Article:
Step 3

We defined the Web config class above, lets now define the Data config class.

This class is also annotated with @Configuration and @Component. This class guides the scanning of the DAO and service directory for bean definitions. we could have specified the scanning of the service directory in the web Config class. This class also defines the dataSource bean. In a real application we would separate out the properties in a properties file. We introduce one more annotation here: @Bean

  1. @Bean – This annotation tells that the method produces a bean that will be managed by the Spring container. The name of the bean may be taken from the method name or can be explicitly specified using the name attribute. If a class as more than one bean annotated methods then one method can directly use the other bean by using the other bean’s method.

Step 4

So far, we have Initialized the application and have added the jsp view resolver and a data source. Lets write our DAO

This class defines a method that gets a list of question from the database. The implementation is for demonstration only, the actual database structure can get quite complex. The DAO extends JdbcDaoSupport. We have three new annotations here. Lets look at them (XML-free is all about annotations!)

  1. @Repository – This doesn’t really do much except tell that the class contains methods to manipulate domain driven Objects. It has some advanced uses such as making it eligible for spring DataAccessException. In our case we have added it because we can use this annotation in place of the standard @Component annotation because it helps us recognize the class as being responsible for Data Access. The annotation is just a specialization of the @Component annotation.
  2. @Autowired – We created the dataSource bean earlier in the DataConfig class. We inject the bean in the DAO using the AutoWired annotation. The bean is injected immediately after the class creation and before any bean lifecycle methods are called.
  3. @PostConstruct – The method annotated with this annotation is called after dependency injection is complete. Only one method in a class can be annotated with this annotation. the method does not take any parameter except in EJB’s. The return type must be void. Method must not throw a checked exception.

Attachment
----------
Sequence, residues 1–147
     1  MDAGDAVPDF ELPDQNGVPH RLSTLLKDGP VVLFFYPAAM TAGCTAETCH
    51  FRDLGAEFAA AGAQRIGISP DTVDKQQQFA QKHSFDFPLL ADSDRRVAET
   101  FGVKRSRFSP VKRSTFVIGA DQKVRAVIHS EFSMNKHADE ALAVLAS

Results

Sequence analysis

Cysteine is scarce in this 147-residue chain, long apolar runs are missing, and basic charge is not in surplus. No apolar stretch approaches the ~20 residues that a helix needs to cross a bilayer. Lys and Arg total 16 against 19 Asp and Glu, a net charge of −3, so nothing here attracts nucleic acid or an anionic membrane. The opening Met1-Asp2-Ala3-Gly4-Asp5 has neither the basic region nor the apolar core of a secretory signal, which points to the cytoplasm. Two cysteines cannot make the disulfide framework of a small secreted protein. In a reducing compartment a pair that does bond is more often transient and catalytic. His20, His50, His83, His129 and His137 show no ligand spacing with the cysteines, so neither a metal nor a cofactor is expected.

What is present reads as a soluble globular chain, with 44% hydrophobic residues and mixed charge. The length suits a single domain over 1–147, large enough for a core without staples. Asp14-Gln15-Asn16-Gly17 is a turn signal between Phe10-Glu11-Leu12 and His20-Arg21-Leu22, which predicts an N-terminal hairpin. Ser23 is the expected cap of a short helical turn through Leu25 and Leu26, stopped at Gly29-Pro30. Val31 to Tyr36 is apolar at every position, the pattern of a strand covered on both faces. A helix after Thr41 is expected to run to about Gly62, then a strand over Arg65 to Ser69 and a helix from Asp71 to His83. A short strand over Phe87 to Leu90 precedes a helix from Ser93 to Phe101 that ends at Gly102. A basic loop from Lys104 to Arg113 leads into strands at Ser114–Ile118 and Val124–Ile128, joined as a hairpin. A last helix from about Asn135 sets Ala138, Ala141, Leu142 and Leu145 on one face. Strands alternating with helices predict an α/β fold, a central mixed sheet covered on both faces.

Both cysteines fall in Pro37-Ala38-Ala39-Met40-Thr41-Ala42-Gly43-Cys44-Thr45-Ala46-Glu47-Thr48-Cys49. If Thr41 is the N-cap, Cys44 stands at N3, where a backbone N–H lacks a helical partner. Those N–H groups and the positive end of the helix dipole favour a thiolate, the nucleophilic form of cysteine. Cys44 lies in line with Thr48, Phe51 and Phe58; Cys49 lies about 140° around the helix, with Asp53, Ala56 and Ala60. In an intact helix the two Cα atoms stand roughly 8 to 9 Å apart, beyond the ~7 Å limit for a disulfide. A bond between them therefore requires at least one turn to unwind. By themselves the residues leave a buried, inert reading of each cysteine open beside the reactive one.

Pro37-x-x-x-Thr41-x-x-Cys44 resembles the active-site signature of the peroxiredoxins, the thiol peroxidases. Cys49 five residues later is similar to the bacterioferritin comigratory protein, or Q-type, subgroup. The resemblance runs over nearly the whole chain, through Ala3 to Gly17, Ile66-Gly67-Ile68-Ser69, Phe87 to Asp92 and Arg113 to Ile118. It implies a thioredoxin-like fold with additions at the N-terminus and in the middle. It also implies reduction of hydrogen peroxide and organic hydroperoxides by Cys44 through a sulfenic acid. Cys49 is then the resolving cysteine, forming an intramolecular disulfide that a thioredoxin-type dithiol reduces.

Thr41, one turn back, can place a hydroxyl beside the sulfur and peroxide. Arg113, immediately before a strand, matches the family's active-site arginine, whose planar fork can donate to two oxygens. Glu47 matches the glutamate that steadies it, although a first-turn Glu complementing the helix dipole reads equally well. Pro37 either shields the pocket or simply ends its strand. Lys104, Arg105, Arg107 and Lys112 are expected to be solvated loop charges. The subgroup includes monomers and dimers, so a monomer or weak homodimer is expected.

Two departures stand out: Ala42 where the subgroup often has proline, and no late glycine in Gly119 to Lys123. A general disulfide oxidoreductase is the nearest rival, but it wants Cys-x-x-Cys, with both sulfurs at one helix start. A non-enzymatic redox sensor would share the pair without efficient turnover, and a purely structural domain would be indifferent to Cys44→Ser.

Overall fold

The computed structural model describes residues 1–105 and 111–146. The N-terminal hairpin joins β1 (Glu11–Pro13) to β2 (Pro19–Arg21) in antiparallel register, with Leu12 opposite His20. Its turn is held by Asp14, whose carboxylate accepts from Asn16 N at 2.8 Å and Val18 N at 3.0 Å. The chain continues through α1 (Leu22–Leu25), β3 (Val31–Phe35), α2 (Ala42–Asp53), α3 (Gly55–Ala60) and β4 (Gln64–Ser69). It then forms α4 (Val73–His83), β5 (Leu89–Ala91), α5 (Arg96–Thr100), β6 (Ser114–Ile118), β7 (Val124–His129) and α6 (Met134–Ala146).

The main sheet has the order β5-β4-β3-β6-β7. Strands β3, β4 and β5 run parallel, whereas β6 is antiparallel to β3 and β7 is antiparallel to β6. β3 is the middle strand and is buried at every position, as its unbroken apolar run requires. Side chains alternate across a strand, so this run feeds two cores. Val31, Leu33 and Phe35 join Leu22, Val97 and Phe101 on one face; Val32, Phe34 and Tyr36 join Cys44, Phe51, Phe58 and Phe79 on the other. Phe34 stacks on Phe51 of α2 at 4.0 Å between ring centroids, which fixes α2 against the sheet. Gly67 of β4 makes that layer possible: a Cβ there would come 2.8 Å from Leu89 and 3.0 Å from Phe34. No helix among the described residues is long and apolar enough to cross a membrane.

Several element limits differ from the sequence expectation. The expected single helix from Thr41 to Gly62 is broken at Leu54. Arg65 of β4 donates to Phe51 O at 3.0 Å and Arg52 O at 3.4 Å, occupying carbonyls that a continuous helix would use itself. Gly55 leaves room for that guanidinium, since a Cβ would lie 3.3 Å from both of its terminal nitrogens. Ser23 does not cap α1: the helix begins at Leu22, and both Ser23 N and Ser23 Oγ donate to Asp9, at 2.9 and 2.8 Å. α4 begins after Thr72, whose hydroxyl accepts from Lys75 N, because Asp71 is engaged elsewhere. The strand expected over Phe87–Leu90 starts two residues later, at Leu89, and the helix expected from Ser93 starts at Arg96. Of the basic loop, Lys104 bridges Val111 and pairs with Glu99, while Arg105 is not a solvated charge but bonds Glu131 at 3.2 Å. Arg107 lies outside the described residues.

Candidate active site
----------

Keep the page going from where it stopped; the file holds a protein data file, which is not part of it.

Step 5

Lets create the service. The service calls the method defined in the DAO.

We use the @Service annotation which says that the class is a Service. It is a specialization of the @Component annotation. The DAO is injected into the service using the autowired annotation.

Step 6

The last part of the puzzle. The controller is what intercepts the request. It has RequestMappings that map a request to a method or a class. This is similar to the XML where we specified the Request Mapping.

The controller maps the request from http://www.mydomain.com/{topic}/{subtype} to the getQuizQuestions method. The method uses the service to get quiz questions using an id formed from the topic and subtype and sets it in the session. Lets look at the annotations introduced in this class. The {topic} or {subtype} can be any string.

  1. @Controller – This tells that the class is a controller. Its a specialization of @Component.
  2. @RequestMapping – This maps a request to a specific class or method. In our example we map the /topic/subtype to the getQuizQuestions method. so both “/frameworks/spring” and “/java/java8” would map to this method.
  3. @PathVariable – This annotation binds a method parameter to the URI template. In our example subtype parameter contains the string passed in the URI /{topic}/{subtype}
  4. Model – This model is available to the view and can be enriched from the method. parameter.

That’s it. This was the last step. This tutorial should have armed you enough to plunge into an XML free development environment. If you have any questions, please feel free to mail us or drop in your comments. Follow us